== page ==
GG Kariuki was very loyal to the Kanu government and a friend to late President Daniel Moi, and since he had some assets in Nyahururu town and a farm in Laikipia, he wanted his wealth under one administration,” added Mr Njoroge.
The freedom fighter recalls that Mzee Kenyatta gave Ms Mukami the Kinangop farm in Njabini, Nyandarua County, which automatically qualified her to be a Nyandarua nominated councillor. “The main reason there was a delay in bringing Nyahururu town to Nyandarua was that Nyandarua had no land to construct the headquarters, the current Ol Kalou town was still a private farm owned by colonial farmer Mr Morgan,”explained the freedom fighter.
According to another freedom fighter, Mzee Joseph Kimani, her presence was less felt during President Moi’s tenure, apart from when she lobbied for Mau Mau freedom fighters’ rights accusing post-independence governments of neglecting them. She would spring back soon after, during President Kibaki’s tenure. Kibaki’s government was the first to recognise Mau Mau in 2002, lifting a colonial-era law that banned the Mau Mau group after. “In honour of the freedom fighter, the late President Kibaki unveiled a statue of Dedan Kimathi as a first step in honouring thousands of freedom fighters killed during an uprising against British rule in the 1950s,” Mzee Kimani told the Nation. “It was during this time that Ms Kimathi was accorded national status. She was given personal security at home with two security vehicles at her disposal,” added Mzee Kimani.
The Kibaki government also constructed for her a decent house in Njabini. “She was accorded VIP security from Nairobi. Her security affairs were managed from Nairobi and not at the county level. The county government was never involved. VIP protection for persons recognised as national leaders is managed and coordinated from Nairobi,” Nyandarua County Police Commander Mr Omar Arero told the Nation yesterday. Yesterday, a sombre mood engulfed Njambini village in Kinangop, Nyandarua County, her rural home. Relatives and residents could be seen streaming in and out of the home to condole with the family. Family members and friends interviewed by the Nation described Mukami as a humble, honest and courageous person.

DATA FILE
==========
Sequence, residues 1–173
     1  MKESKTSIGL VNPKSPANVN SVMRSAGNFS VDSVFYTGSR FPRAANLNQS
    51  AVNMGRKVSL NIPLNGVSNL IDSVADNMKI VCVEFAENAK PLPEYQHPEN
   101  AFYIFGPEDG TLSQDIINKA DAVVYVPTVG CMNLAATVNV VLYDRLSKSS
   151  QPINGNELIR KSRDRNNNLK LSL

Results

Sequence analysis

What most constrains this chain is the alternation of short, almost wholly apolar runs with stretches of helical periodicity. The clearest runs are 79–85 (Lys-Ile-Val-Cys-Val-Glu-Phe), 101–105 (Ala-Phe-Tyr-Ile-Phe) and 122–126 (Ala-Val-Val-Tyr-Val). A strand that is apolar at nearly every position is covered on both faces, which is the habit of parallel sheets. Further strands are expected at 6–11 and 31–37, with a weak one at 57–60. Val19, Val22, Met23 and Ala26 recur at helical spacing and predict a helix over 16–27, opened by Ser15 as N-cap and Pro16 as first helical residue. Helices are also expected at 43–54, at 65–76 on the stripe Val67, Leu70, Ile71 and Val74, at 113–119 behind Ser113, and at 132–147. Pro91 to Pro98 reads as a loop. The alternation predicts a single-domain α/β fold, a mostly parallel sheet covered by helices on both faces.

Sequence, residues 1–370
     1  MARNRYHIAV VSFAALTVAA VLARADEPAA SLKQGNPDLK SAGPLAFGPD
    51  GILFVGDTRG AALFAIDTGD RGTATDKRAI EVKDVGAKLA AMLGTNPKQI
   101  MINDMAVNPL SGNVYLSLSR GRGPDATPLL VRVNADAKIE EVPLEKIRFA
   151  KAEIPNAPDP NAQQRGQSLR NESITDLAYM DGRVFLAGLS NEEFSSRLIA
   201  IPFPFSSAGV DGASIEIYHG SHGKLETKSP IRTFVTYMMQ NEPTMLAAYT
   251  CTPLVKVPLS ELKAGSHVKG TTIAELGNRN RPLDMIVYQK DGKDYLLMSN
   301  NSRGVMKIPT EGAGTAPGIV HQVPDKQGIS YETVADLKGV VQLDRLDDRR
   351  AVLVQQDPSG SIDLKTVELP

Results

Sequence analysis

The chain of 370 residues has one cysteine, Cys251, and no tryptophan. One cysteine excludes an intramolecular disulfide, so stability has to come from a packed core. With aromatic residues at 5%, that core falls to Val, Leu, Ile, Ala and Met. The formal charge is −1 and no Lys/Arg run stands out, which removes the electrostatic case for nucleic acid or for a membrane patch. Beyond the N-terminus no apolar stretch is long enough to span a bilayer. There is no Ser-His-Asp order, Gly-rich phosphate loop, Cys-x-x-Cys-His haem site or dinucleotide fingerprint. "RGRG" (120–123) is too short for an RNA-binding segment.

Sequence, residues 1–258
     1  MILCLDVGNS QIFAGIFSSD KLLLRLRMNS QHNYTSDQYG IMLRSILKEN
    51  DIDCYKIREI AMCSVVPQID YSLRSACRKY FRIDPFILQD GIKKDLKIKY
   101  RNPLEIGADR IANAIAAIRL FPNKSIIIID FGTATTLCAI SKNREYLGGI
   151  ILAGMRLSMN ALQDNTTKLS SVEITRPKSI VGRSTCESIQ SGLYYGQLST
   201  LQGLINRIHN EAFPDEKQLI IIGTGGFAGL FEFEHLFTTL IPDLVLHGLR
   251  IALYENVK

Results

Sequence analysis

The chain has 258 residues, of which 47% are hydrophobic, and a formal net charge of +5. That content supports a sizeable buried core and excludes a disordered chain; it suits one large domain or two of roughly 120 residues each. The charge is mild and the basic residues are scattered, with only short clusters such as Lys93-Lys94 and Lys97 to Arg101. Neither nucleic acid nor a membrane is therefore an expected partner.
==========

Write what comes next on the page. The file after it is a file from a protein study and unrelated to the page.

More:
Although relatives, neighbours and friends accept Ms Kimathi death as natural due to age, they admit she died bitter for not having fulfilled her desire to give her husband a decent burial. Yesterday, leaders led by President William Ruto, his predecessor Uhuru Kenyatta, and opposition leader Raila Odinga celebrated the life of s Kimathi, describing her as a heroine of Kenya’s independence. “Mama Mukami Kimathi will be remembered alongside other icons of Kenya’s freedom struggle who laid down their lives and made self-sacrifices for the sake of our country’s independence.
Mama Mukami courageously withstood the brutality of colonial oppression, proudly wore the scars of battle, and bore the terrible losses of war with admirable fortitude,” said the President.
He went on: “She was a steadfast patriot and well-known champion for national unity who inspired many Kenyans of all ages to cherish our country and stand ready to defend our values.”
DP Gachagua described Mama Mukami as Kenya’s “symbol of our resilience and our struggle.” Mr Gachagua, who was among the first leaders who arrived at the Lee Funeral Home shortly after 8am, said Mukami was an inspiring figure to all Kenyans.
“We want to say this is a great loss to all of us. Mukami Kimathi was a symbol of resilience, an icon of our freedom. We treasure her life here on earth. She had been the mother of our liberation struggle and has been the beacon of hope surrounding freedom fighters and their descendants,” the DP said.
Mr Kenyatta described Mrs Kimathi as “an enduring symbol of Kenya’s liberation struggle.”